Sentencing individuals for food safety and food hygiene offences
Produced in partnership with Richard Heller of Drystone Chambers
Sentencing individuals for food safety and food hygiene offences

The following Corporate Crime guidance note Produced in partnership with Richard Heller of Drystone Chambers provides comprehensive and up to date legal information covering:

  • Sentencing individuals for food safety and food hygiene offences
  • Status of case law
  • Using the food safety and food hygiene sentencing guidelines
  • Step one—determining the offence category
  • Step two—starting point and category range
  • Step three—review of any financial element of the sentence
  • Step four—further reductions in fine
  • Step five—reduction for guilty pleas
  • Step six—ancillary orders
  • Step seven—totality
  • more

This Practice Note reviews the parts of the Sentencing Council’s offence-specific guidelines which are used by the magistrates’ courts and Crown Courts in England and Wales when sentencing individuals for food safety and food hygiene offences. In accordance with section 125 of the Coroners and Justice Act 2009 (CJA 2009), the courts must follow Sentencing Council guidelines in sentencing an offender unless ‘satisfied that it would be contrary to the interests of justice to do so’.

The Sentencing Council had previously published these offence-specific guidelines within the Health and Safety Offences, Corporate Manslaughter and Food Safety and Hygiene Offences Definitive Guideline but has now published them online (and not in PDF or paper format) separately as individual offence-specific guidelines for the magistrates’ courts and Crown Courts. These offence-specific guidelines supersede and replace the Health and Safety Offences, Corporate Manslaughter and Food Safety and Hygiene Offences Definitive Guideline PDF which has been archived.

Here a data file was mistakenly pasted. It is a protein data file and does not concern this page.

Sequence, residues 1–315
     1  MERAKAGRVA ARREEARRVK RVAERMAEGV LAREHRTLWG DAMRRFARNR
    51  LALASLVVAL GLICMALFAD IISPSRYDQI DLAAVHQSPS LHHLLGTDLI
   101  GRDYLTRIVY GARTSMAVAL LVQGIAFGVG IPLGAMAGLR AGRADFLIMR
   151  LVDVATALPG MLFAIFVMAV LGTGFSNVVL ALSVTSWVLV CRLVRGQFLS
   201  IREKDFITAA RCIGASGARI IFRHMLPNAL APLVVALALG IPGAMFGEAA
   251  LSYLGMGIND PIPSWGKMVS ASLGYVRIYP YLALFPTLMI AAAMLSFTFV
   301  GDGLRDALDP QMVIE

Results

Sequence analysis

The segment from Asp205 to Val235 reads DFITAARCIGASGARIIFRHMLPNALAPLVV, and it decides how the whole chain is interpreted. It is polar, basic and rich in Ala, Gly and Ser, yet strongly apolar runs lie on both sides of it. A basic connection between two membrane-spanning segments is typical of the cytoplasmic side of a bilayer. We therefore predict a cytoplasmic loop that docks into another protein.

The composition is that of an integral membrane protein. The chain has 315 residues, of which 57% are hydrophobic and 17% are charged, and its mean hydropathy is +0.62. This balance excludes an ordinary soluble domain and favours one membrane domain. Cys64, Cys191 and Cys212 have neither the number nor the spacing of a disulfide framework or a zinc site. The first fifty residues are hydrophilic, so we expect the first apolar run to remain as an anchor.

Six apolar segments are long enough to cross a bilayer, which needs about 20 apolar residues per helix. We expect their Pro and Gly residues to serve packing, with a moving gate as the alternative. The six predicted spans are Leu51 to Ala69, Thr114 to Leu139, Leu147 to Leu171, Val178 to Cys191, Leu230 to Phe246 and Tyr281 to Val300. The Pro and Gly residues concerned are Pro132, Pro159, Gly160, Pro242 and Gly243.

For the sentencing of organisations for the same offences, see Practice Note: Sentencing organisations for food safety and food hygiene offences.

The Sentencing Council also publishes a number of overarching guidelines, which should be considered in respect of all sentencing exercises, see Practice Note: Sentencing. Among these, the General guideline—overarching principles (the General guideline) is specifically designed to be used in conjunction with offence-specific guidelines and covers seriousness as well as providing